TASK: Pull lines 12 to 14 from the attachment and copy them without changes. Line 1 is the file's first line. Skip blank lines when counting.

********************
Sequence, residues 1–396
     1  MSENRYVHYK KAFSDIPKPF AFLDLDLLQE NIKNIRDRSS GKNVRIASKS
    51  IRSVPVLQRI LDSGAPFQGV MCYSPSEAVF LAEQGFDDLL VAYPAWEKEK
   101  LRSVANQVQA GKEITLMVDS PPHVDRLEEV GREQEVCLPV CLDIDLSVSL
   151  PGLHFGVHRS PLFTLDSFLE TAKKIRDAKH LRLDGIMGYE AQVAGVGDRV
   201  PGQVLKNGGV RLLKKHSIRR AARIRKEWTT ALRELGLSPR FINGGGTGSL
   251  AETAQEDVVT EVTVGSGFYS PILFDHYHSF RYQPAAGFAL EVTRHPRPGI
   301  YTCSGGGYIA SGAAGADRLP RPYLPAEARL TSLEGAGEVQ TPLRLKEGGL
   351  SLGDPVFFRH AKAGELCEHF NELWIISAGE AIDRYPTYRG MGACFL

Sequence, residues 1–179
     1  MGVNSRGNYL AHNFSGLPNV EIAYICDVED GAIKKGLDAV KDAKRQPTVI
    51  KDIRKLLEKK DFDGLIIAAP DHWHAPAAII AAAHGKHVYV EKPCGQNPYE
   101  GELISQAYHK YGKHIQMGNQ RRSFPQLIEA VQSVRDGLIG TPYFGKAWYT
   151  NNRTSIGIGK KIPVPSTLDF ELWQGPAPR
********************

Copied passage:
    51  KDIRKLLEKK DFDGLIIAAP DHWHAPAAII AAAHGKHVYV EKPCGQNPYE
   101  GELISQAYHK YGKHIQMGNQ RRSFPQLIEA VQSVRDGLIG TPYFGKAWYT
   151  NNRTSIGIGK KIPVPSTLDF ELWQGPAPR